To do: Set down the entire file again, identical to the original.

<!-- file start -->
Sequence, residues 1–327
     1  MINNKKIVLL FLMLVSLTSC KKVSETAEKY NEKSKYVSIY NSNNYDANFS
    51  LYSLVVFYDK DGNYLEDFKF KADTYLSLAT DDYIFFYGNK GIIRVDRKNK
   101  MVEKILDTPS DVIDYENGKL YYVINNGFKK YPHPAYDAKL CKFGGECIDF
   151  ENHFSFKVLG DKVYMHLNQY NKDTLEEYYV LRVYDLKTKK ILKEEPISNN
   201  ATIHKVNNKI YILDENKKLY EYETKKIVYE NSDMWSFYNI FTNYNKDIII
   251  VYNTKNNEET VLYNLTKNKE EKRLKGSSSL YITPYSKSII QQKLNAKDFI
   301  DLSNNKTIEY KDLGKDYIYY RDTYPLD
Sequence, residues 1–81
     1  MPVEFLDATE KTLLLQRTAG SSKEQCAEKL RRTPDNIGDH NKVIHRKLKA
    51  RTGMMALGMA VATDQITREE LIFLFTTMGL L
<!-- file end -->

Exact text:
Sequence, residues 1–327
     1  MINNKKIVLL FLMLVSLTSC KKVSETAEKY NEKSKYVSIY NSNNYDANFS
    51  LYSLVVFYDK DGNYLEDFKF KADTYLSLAT DDYIFFYGNK GIIRVDRKNK
   101  MVEKILDTPS DVIDYENGKL YYVINNGFKK YPHPAYDAKL CKFGGECIDF
   151  ENHFSFKVLG DKVYMHLNQY NKDTLEEYYV LRVYDLKTKK ILKEEPISNN
   201  ATIHKVNNKI YILDENKKLY EYETKKIVYE NSDMWSFYNI FTNYNKDIII
   251  VYNTKNNEET VLYNLTKNKE EKRLKGSSSL YITPYSKSII QQKLNAKDFI
   301  DLSNNKTIEY KDLGKDYIYY RDTYPLD
Sequence, residues 1–81
     1  MPVEFLDATE KTLLLQRTAG SSKEQCAEKL RRTPDNIGDH NKVIHRKLKA
    51  RTGMMALGMA VATDQITREE LIFLFTTMGL L